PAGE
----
Fordham University has teamed up with the National Park Service to conduct the first study exploring the potential risks that bridges pose to migrating birds along the Mississippi River.

Every year, millions of birds die from colliding into buildings, glass, oilrigs, and communications towers. While there have been reports about the impact that these man-made structures have had on birds, researchers don’t yet know how bridges are affecting night-migrating birds.

“The magnitude of migration through our urban landscape is beyond comprehension,” said J. Alan Clark, Ph.D., an associate professor in the Department of Biological Sciences, who is conducting the study. “You might suspect that there could be a problem because some bridges are quite high [and]some of them are very brightly lit and often isolated.”

The study, which began on April 24 and continues through May 13, will focus on three bridges in Minnesota: the Hastings Bridge in Hastings, MN, a free-standing, tied-arch bridge with linear LEDs; the tied-arch I-494 Bridge where Interstate 494 crosses the Mississippi River; and the Washington Ave. Bridge, a six-span bridge with a glass pedestrian upper deck and a vehicular lower deck that connects the University of Minnesota campus in Minneapolis/St. Paul.

“A lot of bridges are probably not problematic,” said Clark. “None of the bridges in the study are like the Golden Gate Bridge or something that’s gigantic. Nonetheless, it would be really good to know [if they’re affecting migrating birds].”

According to Clark, the study will use small-scale vertical and horizontal avian radar to determine how many birds are flying near the brides and what height and direction they’re flying. The radar will also examine whether the birds are being drawn to the bridges if they change the direction of their flight, and whether their trajectory is actually in a collision course with the bridge.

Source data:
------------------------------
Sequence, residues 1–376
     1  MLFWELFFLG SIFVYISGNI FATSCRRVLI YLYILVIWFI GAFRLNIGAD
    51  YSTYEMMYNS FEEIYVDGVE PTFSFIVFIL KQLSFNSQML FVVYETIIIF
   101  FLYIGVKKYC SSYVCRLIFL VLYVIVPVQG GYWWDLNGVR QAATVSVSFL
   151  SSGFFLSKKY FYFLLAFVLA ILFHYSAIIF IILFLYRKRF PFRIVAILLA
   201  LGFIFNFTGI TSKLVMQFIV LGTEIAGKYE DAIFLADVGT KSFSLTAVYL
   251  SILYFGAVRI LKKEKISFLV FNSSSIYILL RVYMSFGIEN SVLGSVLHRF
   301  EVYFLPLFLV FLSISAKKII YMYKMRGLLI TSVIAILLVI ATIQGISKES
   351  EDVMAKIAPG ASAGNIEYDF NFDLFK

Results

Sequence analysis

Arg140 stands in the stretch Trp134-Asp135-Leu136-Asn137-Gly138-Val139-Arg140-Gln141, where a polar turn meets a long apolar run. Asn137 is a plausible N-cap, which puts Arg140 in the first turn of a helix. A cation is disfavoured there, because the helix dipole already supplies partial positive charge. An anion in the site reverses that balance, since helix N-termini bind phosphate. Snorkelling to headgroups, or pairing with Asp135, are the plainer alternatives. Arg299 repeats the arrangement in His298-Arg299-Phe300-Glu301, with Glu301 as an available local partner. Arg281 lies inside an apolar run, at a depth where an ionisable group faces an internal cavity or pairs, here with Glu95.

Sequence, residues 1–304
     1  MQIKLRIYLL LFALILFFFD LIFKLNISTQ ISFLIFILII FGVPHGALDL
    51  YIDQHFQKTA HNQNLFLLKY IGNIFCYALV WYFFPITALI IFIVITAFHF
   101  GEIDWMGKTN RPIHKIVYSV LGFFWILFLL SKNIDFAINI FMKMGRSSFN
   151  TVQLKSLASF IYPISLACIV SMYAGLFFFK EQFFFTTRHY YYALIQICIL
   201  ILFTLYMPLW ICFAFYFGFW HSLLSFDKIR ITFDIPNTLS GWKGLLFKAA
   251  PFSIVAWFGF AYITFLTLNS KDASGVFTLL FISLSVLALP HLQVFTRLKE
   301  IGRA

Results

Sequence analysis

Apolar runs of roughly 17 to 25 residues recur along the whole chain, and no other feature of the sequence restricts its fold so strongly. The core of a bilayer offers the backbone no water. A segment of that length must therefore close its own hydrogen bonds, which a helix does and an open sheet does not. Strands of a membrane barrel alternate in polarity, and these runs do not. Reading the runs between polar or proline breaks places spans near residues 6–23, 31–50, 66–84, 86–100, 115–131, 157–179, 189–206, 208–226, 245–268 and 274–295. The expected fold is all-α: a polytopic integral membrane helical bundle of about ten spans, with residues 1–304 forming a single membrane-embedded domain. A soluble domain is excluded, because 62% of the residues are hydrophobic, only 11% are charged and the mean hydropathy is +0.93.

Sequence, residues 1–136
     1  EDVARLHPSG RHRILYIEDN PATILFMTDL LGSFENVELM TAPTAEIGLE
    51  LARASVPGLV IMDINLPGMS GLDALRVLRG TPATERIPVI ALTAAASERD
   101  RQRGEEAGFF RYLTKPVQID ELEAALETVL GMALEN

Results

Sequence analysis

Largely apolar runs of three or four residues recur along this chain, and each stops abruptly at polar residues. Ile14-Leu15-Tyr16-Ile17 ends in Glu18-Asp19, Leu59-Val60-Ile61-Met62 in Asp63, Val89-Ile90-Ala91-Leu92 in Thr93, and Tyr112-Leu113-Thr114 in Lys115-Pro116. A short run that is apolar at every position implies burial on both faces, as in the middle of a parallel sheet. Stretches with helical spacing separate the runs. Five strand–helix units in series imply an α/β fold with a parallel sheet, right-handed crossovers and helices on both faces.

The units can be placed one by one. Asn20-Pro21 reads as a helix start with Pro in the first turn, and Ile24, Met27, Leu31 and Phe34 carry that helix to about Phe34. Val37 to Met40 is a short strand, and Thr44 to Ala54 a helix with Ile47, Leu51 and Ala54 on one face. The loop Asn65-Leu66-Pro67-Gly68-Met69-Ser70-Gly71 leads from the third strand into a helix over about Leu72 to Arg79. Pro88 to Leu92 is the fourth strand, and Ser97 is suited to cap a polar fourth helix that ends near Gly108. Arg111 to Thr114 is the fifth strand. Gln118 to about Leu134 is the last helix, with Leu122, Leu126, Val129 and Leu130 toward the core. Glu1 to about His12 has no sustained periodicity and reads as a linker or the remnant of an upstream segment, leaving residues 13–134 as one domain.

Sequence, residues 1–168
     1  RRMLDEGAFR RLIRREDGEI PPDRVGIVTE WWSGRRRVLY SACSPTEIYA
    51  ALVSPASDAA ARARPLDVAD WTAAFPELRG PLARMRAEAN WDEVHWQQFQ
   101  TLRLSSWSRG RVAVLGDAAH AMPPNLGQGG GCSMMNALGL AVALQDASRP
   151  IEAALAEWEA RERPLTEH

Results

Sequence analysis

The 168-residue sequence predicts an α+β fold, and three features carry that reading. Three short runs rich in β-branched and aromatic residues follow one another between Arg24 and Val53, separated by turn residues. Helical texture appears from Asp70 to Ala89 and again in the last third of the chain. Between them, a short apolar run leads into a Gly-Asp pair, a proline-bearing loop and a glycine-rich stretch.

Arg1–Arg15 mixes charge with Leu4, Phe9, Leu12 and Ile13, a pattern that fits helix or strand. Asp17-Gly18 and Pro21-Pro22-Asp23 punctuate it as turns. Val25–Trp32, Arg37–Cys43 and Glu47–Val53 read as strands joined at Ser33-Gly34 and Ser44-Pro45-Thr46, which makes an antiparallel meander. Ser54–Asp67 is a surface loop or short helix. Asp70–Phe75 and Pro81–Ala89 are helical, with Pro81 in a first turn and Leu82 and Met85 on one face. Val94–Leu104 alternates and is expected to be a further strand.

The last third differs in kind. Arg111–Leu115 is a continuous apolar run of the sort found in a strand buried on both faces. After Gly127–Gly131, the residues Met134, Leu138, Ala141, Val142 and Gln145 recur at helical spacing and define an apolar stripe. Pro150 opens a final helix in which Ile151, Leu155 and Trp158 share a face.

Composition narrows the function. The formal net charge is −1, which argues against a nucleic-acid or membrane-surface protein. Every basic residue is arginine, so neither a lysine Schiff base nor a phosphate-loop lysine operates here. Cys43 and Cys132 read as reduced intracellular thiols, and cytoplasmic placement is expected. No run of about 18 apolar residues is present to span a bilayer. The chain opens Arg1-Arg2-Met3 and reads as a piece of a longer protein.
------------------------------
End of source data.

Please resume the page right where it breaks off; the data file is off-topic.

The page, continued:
Clark will also use acoustic recorders to monitor the nocturnal flight calls of night-migrating birds, which will help him to identify the species of birds that are flying over the bridges.

Bird watchers from Audubon Minnesota and the University of Minnesota will serve as volunteers, helping to recover any dead or injured birds on the Washington Ave. Bridge, he said.

If the study reveals that bridges in fact have an impact on migrating birds, Clark believes it can help to inspire action, especially given the large numbers of species that migrate. According to the National Audubon Society, at least 4,000 species of birds are regular migrants, which amounts to 40 percent of the total number of birds in the world.

“It’s hard to retrofit things that already exist, but there are things you can do, including changing the lighting systems on the bridges so they deliver less intense lighting, ” he said. “Just knowing whether or not there is a problem with bridges, is the start of the conversation.”